Home > TV > The Great X-Files Rewatch: Season Two, Part One

The Great X-Files Rewatch: Season Two, Part One

This is a carry-over from my previous blog: I wrote about the first season here and here.

Initial Thoughts

I open my season two write-up with Mulder and Krycek instead of our usual dynamic duo because, for the first few episodes, the two dudes get more screen time together than Mulder and Scully do.  Since Mulder’s supernatural investigations have been officially closed, Scully has been shifted off to the FBI training facility where she can instruct the new kids in autopsy procedure and conveniently stand behind pregnancy-concealing gurneys.  Mulder investigates a couple cases alone (with frequent phone calls to Scully, because they’re already totally codependent on one another) and then is saddled with annoying apple-polisher Krycek (despite Mulder’s best attempts to ditch him).

Of course, Krycek is revealed to be a double agent in his very first episode, “Sleepless,” a fact that I had forgotten.  Krycek witnesses how much Mulder communicates with Scully—and how much their combined talents result in mysteries actually being solved—and then he reports to a bunch of shady G-men that “Scully’s going to be a problem.”  Cue Scully’s abduction!

In an action-packed two-parter, a weirdo who thinks he’s been repeatedly taken by aliens takes on a bunch of hostages and then fascinates hostage negotiator Mulder with his eminently proveable claims.  In the last few minutes of the first part, the weirdo (Duane Barry) kidnaps Scully from her house, planning to offer her to the aliens instead.  The second part is all about the chase—Mulder trying to track this useful weirdo who’s stolen Mulder’s favorite gal.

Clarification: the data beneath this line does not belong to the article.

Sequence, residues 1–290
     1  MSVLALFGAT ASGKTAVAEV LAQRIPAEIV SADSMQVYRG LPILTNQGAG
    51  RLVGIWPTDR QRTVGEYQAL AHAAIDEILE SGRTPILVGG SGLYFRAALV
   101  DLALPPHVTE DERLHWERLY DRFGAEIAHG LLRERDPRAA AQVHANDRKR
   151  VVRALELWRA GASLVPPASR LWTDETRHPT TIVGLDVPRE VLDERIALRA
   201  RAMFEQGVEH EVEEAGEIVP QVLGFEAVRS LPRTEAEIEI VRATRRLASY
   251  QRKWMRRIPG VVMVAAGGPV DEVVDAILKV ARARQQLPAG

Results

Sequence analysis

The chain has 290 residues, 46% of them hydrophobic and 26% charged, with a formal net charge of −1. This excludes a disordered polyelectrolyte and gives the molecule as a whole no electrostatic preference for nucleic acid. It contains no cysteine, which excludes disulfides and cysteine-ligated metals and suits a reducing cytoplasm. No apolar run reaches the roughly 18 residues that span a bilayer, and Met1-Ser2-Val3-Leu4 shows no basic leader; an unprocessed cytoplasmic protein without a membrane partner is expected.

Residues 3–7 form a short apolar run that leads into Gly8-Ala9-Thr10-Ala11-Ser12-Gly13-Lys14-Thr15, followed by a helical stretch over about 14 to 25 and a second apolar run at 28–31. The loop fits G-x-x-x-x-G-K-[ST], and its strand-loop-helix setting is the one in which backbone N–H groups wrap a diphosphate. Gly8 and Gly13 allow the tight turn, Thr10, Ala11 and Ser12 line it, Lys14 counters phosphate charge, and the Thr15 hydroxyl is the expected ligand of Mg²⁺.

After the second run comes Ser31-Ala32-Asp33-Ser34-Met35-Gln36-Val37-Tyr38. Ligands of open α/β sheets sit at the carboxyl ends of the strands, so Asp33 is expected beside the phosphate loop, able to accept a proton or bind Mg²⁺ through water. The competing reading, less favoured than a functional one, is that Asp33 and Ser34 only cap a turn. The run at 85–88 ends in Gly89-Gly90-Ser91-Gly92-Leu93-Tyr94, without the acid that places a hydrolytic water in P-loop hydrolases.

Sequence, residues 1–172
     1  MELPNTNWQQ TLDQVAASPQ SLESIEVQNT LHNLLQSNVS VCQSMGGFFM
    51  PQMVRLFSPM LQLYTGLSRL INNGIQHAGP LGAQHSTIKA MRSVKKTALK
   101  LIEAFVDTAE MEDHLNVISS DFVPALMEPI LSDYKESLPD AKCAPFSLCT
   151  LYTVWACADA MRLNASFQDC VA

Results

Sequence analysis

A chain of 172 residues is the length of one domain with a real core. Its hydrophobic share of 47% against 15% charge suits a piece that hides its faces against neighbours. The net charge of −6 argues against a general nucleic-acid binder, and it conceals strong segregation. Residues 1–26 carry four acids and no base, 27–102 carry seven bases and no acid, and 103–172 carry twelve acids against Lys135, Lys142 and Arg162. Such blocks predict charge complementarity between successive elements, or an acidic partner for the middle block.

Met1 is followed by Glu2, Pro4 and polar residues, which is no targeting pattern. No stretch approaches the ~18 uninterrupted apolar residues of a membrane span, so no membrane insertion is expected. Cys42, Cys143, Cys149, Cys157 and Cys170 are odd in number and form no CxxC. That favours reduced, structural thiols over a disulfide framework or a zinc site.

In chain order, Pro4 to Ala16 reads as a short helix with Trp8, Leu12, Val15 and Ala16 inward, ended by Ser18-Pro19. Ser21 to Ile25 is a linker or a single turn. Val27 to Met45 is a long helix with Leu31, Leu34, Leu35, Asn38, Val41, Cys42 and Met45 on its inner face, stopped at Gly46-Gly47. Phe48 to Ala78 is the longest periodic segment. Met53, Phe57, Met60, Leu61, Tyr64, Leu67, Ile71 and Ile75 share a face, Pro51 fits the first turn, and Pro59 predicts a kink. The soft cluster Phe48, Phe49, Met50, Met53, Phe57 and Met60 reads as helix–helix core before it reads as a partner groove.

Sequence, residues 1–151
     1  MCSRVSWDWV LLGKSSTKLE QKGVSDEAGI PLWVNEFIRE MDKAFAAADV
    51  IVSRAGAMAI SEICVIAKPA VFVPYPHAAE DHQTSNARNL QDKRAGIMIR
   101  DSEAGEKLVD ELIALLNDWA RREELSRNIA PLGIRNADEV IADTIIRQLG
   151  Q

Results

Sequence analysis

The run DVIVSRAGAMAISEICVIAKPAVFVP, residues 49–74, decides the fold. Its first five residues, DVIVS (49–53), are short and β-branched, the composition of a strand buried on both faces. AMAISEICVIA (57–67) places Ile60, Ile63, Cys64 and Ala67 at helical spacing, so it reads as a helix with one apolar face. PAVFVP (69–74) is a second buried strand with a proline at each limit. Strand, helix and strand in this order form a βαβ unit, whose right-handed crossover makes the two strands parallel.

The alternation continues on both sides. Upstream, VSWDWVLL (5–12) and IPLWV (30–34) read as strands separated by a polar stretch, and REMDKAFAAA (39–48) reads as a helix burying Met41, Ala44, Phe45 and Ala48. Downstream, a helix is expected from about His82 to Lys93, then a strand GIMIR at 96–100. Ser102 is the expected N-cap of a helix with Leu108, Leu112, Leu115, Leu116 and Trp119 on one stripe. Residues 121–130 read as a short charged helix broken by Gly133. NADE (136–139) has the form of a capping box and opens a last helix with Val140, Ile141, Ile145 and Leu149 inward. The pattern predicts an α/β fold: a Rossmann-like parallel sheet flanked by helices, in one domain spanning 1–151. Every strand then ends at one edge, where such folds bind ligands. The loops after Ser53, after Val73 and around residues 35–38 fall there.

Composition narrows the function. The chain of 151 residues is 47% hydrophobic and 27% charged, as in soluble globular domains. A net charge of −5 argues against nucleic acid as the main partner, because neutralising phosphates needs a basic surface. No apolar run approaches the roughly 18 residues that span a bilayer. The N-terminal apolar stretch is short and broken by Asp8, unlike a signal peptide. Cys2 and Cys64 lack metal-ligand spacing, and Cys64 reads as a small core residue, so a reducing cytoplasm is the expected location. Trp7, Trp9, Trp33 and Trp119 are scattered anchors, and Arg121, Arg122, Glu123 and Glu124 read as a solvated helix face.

So the don’t-forget-he’s-evil! Krycek joins Mulder in his race to rescue Scully, which takes them to an out-of-service ski hill.  Mulder insists on riding the, the, the thing (the ski-lifty thing) to the top even though the operator is disgruntled about it.  Once Mulder’s vulnerable up there, Krycek kills the operator and then sets up a situation where it looks like Mulder is going to get crushed by the ski lift mechanism, or, at best, plummet to his death.  And then Mulder gets out of it at the last second.  And Krycek makes this face.

Heh.  “Blast!  Foiled again!”

Scully is mysteriously returned a couple episodes later in “One Breath,” though she’s in a coma with her DNA all screwed up.  The uncertainty over whether she will survive is portrayed visually by Scully in a rowboat.

It’s impressive that this early in its run, The X-Files wasn’t afraid to shake up its basic premise by keeping Mulder and Scully apart for so much of the second season.  It was partly motivated by Gillian Anderson’s pregnancy, obviously, but it also served the narrative function of making the first part of the season really suspenseful, with everything going to hell in a handbasket and then folding right back in on itself with Scully’s return, the re-opening of the x-files, and the status quo being triumphantly restored.

Specific Episodes